Wheeling in Ohio County, West Virginia — The American South (Appalachia)
Old Custom House
Designed by federal architect Ammi B. Young for use as Custom House, Post Office and Federal Court. Constructed 1856-9 at cost of $96,918. Convention here in 1861 helped set stage for West Virginia Statehood. State’s first constitution approved here in 1862. Arthur Boreman, first Governor, and other officials, had offices here through 1863 when control returned to U.S. Government.
Erected 1981 by West Virginia Department of Culture and History.
Topics and series. This historical marker is listed in this topic list: Notable Buildings. In addition, it is included in the National Historic Landmarks, and the West Virginia Archives and History series lists. A significant historical year for this entry is 1861.
Location. 40° 3.837′ N, 80° 43.316′ W. Marker is in Wheeling, West Virginia, in Ohio County. Marker is at the intersection of 16th Street (West Virginia Route 2) and Market Street, on the right when traveling west on 16th Street. Touch for map. Marker is in this post office area: Wheeling WV 26003, United States of America. Touch for directions.
Other nearby markers. At least 8 other markers are within walking distance of this marker. Francis H. Pierpont (a few steps from this marker); The Athenaeum B & O Railroad (a few steps from this marker); Baltimore and Ohio Passenger Station (a few steps from this marker); a different marker also named The Athenaeum (a few steps from this marker); Wheeling Custom House (within shouting distance of this marker); Old Garibaldi (within shouting distance of this marker); To The Defenders of the Union (within shouting distance of this marker). Touch for a list and map of all markers in Wheeling.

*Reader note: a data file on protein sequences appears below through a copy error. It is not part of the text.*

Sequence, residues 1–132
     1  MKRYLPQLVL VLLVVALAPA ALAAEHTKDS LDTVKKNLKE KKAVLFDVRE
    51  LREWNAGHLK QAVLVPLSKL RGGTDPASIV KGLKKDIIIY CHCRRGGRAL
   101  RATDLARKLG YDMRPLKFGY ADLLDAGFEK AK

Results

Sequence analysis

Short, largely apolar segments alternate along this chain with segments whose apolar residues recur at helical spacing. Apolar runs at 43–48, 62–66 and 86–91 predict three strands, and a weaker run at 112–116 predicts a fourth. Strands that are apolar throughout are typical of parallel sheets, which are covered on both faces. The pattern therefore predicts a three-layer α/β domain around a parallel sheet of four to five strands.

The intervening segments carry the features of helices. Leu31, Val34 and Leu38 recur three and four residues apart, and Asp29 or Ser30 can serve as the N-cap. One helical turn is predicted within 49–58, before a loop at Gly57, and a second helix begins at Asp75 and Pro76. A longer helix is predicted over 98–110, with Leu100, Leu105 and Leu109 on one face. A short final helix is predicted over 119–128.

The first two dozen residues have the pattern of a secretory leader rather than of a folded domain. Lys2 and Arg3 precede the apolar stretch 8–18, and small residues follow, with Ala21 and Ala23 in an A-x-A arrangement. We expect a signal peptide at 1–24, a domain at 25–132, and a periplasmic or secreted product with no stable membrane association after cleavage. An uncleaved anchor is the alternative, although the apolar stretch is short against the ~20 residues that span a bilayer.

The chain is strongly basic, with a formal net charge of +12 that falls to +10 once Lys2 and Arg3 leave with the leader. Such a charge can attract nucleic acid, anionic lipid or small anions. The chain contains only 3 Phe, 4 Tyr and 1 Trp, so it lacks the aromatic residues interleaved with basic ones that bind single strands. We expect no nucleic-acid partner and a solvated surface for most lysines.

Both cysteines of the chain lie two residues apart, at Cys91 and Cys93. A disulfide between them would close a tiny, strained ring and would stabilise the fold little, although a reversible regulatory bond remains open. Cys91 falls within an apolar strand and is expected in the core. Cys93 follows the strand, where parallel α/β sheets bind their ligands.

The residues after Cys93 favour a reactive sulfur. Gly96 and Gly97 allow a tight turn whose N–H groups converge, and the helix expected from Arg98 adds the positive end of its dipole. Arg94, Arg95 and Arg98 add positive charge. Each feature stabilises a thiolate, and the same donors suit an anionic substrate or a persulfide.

Regarding Old Custom House. During the Civil War years, immediately after the state of Virginia seceded from the Union, the "Old Custom House" became the center of activity for West Virginia statehood. It was here that a convention of loyal citizens from the western counties of Virginia was held, and the end result was that a Restored Government of Virginia was created. Later, a Constitutional Convention was held in the "Old Custom House" that eventually resulted in West Virginia statehood and the "Old Custom House" also being known as, "Independence Hall."
Also see . . .
West Virginia Independence Hall. Wikipedia entry (Submitted on August 18, 2010, by Dale K. Benington of Toledo, Ohio.)
2. Wheeling Custom House/West Virginia Independence Hall. National Register of Historic Places Registration Form (Submitted on February 1, 2022, by Larry Gertner of New York, New York.)
Credits. This page was last revised on February 1, 2022. It was originally submitted on August 18, 2010, by Dale K. Benington of Toledo, Ohio. This page has been viewed 1,104 times since then and 66 times this year. Photos: 1, 2, 3, 4, 5, 6, 7. submitted on August 18, 2010, by Dale K. Benington of Toledo, Ohio.